This tracked armored vehicle – the British Warrior – was produced in the United Kingdom by GKN Sankey/BAe Systems and is considered by some to be one of the top ten military vehicles of all time.  The project on the Warrior started during the 1970s and by 1980, GKN had won the contract.


Warrior’s Design

A number of features were incorporated in the Warrior’s design in response to the battlefield needs of the UKs military.  The design specifically eliminated any firing port in the Warrior’s hull as the British believed the vehicle’s main purpose was to carry the infantry to the battlefield and then provide them with firepower support after they disembarked.  The elimination of the ports also allows the design to incorporate extra protection with the application of additional armor on the sides of the vehicle.


The Warrior holds a crew of three, which includes the driver, commander and gunner.  In addition, the rear hull compartment can carry up to seven, fully-equipped infantry soldiers along with 48 hours of additional supplies and weapons (which include several anti-tank weapons).  Access into this tracked armored vehicle is provided by one electric ram powered door located in the rear.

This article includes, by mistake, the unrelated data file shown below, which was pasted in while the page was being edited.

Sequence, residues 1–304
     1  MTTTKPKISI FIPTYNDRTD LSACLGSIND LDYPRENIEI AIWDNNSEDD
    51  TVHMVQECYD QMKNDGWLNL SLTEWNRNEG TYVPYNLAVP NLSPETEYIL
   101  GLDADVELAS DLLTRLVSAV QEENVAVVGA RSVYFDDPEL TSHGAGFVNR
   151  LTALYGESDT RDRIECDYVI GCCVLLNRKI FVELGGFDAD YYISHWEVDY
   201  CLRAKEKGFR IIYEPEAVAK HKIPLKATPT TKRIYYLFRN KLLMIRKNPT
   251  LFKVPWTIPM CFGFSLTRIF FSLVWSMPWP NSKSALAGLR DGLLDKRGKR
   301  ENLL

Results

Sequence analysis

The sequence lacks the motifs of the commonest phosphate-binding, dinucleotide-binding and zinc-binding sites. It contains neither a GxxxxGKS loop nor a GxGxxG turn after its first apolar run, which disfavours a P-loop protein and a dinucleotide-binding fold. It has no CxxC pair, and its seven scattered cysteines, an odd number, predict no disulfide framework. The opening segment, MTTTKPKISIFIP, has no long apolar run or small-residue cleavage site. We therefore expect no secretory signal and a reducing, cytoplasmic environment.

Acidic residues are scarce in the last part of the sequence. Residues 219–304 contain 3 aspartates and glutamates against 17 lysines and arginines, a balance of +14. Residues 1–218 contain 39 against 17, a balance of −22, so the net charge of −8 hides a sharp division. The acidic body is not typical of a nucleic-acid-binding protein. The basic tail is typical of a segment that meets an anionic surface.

The Warrior has a two-man turret fitted with a 30mm RARDEN cannon, which can effectively destroy most of the modern armored personnel carriers as far out as 1,600 yards.  In addition to this armament, the turret is fitted with a 7.62mm coaxial chain gun and two clusters of four defensive grenade launchers.


The vehicles are also equipped with updated radios for effective communications, command and control and also thermal imaging sights which extends its fighting capabilities.  Several variants of the Warrior have emerged throughout its production history, expanding on its initial purpose for transporting troops.  These variants have been modified to provide recovery and repair to combat vehicles, to be used as artillery observation vehicles and command vehicles.  Another modification, known as the Desert Warrior, was produced specifically for the Kuwaiti Army.


Combat History

Though deaths have been reported in each area of operations, the Warrior has proven the effectiveness of its protection against small arms and other weapons such as anti-tank mines.  This vehicle has been involved in operations in the Gulf War, the 2003 invasion of Iraq and in Afghanistan with ISAF during Operation Herrick.  It has also provided duties to the UN in Bosnia with UNPROFOR.


Specifications for the Warrior

  • Type:  IFV – Light Tank
  • Total Built:  789 for the British Army, 254 for the Kuwaiti Army
  • Engine:  550 horse power, Perkins V8 Condor Diesel
  • Range of Operation:  410 miles
  • Speed:  46 miles per hour


Current plans include continual upgrades for the British Warrior with intentions to extend the military service of this armored tracked vehicle into 2025.